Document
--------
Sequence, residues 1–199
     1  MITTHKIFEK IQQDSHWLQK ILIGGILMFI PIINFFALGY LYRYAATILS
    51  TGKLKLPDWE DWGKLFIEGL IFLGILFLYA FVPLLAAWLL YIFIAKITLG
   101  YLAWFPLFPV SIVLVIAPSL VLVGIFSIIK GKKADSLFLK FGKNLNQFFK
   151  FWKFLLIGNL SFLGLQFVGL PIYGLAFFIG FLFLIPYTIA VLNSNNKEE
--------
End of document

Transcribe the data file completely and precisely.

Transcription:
Sequence, residues 1–199
     1  MITTHKIFEK IQQDSHWLQK ILIGGILMFI PIINFFALGY LYRYAATILS
    51  TGKLKLPDWE DWGKLFIEGL IFLGILFLYA FVPLLAAWLL YIFIAKITLG
   101  YLAWFPLFPV SIVLVIAPSL VLVGIFSIIK GKKADSLFLK FGKNLNQFFK
   151  FWKFLLIGNL SFLGLQFVGL PIYGLAFFIG FLFLIPYTIA VLNSNNKEE